Once, that I know of, another worker tried to talk to her on break, a boy from across the mountain in West Virginia. He sidled up to the cafeteria table. “Hello there,” he snapped her ID card from its clasp on her breast pocket. “Miss F. Trigiani.” I imagine he stumbled over the name a bit. Frannie made a grab for the plastic card, but the boy was too quick. “What are you doing after work tomorrow, Miss Trigiani?” “Laundry.” This was not flirting. She had pulled the box with her winter sweaters out of the attic and was actually planning on washing them out in the bathtub with Woolite the following evening. She made another swipe for her card, and this time she got it. “How about you go see a movie with me instead?” Frannie looked at the boy and sighed, not the come closersigh of a typical eighteen-year-old. “I’m sorry,” she said. “I don’t even know you.” He took her right hand in his and tapped his name tag with his left index finger. “Sure you do,” he said pumping her hand up and down in a mock hand shake. “I’m J. Klawon.” I imagine she looked unamused and pulled her hand away quickly. “Seriously, I’m Joel, and you’re . . . ” he pulled back and studied her dark eyes, her hair knotted heavily at the base of her neck. “Felicia.” She shook her head, and I’ll bet she smiled a little, giving Joel the mountain boy license to try again. “Fredrica? . . . Faynette?” Something—a brush of the knee or shoulder—jarred her then, and sent her hurrying away to hide out in the bathroom. Once, she saw him again in line at the time clock, and he smiled and said, “Fern?” Despite her job, Frannie still had too much time to fill. She worked twelve hour shifts but worked three days then had three days off. So, she planted mums in the boxes along the porch steps and meticulously weeded the herb garden the old woman had started around a solitary bird bath in the backyard. For the first time ever, the carport was swept clean. In the beginning of October she finally went through her Nana’s things. I saw her make three trips to the Shelby Area United Services Thrift Store in one day. She went right past my office window, lugging plastic bags of night gowns and old woman loafers. She walked for hours in the evenings—down to the boat landing, up to the 52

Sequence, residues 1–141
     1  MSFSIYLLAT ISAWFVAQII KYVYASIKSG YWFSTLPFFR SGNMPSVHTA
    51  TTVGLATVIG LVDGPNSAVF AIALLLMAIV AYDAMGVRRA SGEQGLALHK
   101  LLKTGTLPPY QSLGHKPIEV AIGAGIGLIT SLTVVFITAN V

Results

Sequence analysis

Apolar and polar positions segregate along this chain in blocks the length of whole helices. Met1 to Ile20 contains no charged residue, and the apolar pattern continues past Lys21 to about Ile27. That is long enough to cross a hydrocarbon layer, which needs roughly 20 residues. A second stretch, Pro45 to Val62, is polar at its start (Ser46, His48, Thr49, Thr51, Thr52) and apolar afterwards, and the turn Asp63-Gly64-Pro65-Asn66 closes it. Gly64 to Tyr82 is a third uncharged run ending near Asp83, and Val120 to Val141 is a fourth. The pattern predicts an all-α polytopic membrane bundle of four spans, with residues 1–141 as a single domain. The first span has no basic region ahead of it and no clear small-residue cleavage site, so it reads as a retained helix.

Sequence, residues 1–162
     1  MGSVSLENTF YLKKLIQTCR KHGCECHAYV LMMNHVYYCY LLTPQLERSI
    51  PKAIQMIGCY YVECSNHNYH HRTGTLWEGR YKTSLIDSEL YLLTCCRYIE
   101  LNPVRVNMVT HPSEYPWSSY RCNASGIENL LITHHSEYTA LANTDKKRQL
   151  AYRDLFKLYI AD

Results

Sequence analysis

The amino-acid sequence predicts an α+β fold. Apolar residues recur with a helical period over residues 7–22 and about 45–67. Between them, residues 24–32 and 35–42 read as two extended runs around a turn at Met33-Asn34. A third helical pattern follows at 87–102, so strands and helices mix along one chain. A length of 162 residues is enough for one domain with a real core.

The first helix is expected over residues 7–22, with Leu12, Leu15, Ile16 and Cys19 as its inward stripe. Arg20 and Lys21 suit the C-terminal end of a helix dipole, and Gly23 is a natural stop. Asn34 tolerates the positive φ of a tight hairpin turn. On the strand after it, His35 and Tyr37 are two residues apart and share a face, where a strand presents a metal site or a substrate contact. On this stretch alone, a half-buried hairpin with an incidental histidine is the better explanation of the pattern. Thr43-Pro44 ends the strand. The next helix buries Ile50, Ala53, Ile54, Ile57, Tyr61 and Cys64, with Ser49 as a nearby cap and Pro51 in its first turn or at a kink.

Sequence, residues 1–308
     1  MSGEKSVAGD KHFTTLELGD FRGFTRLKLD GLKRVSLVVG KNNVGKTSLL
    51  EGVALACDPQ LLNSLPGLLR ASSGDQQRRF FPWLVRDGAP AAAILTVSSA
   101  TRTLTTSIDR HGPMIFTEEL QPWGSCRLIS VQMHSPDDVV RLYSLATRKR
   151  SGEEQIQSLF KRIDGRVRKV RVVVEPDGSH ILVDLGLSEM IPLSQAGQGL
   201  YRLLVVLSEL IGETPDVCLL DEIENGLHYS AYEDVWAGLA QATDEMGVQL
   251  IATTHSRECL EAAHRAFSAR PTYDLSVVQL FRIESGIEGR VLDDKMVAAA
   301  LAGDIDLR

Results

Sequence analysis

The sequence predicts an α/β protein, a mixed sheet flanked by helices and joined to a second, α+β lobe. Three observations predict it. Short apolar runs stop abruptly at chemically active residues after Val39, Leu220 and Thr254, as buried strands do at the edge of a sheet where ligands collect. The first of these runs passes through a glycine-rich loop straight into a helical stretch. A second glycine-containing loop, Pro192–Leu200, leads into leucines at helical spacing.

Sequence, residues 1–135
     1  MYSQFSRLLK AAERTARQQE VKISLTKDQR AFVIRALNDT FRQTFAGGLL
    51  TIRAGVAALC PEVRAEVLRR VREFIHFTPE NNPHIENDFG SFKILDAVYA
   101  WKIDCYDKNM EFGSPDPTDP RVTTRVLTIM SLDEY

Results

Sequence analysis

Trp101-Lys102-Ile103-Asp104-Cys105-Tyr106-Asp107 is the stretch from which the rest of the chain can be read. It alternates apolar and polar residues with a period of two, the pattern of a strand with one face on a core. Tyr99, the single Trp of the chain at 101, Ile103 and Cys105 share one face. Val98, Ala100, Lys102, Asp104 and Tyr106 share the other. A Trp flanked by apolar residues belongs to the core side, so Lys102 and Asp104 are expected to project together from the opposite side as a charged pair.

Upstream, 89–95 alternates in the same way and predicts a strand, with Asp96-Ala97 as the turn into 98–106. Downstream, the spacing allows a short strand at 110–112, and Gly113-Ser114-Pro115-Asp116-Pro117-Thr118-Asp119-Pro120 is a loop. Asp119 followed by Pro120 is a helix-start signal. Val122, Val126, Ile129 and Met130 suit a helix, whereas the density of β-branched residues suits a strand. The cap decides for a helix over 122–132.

baseball fields. One person told me they saw her walking along old 340 toward Bear Lithia Springs. I felt a strange kind of connection if I passed her on my way home with Charlie buckled in next to me and bent over one of her comic books. After all, we knew something about loneliness. There were still nights when I didn’t want to have to go home. It was on one of her walks that Frannie met Wade Rogers. Every October, the Shenandoah Valley Independent Pentecostal Church throws a huge carnival in Stonewall Jackson Memorial Park. They don’t call it a Halloween carnival because they don’t want to participate in any kind of celebration that honors Satan or anything evil, even indirectly. Instead, they call it a Fall Faith Festival. They bob for apples and pop kettle corn, and some of the kids still wear costumes. Wade, a Shenandoah Valley Independent Pentecostal elder, was in attendance and he had invited my daughter to keep his boy, Nick, company. Charlie came home toting a plastic bag emblazoned with Biblical scenes and bursting with miniature candy bars and plastic spiders, so she and Nick must have hit the games as soon as they arrived, leaving Wade to wander through the booths alone. Eventually Wade climbed the hill overlooking the park and sat down on a bench, nibbling a caramel apple. Wade, at 35, had vowed never to remarry, and as far as I knew, with the expectation of an occasional matinee with Charlie and me, he did not date. I’ll admit, there was a time when I wanted Wade for my own. I had tried through subtle forms of persuasion to mold my relationship to him into something more than employee or parenting advisor. So, something must have shaped his mood that night. Perhaps, as he stared down at the picnic shelters, which were strung with Japanese lanterns and teeming with cake-walking youth, the indulgence and complication of it all overwhelmed him. When he turned his face to the crunching of leaves and saw Francesca walking toward him, hands deep in the pockets of her brown barn jacket, she looked simple and familiar. Although Frannie had been in and out of the office a few times in the previous months, he couldn’t remember meeting her there. He struggled to place this face, free of lipstick but dark and lovely beneath the street lamps, and his mind halted suddenly on an afternoon at the very end of the summer, on the sound of ceramic shattering and this girl’s termination as he sat in the front room of J&Company awaiting his hair cut. 53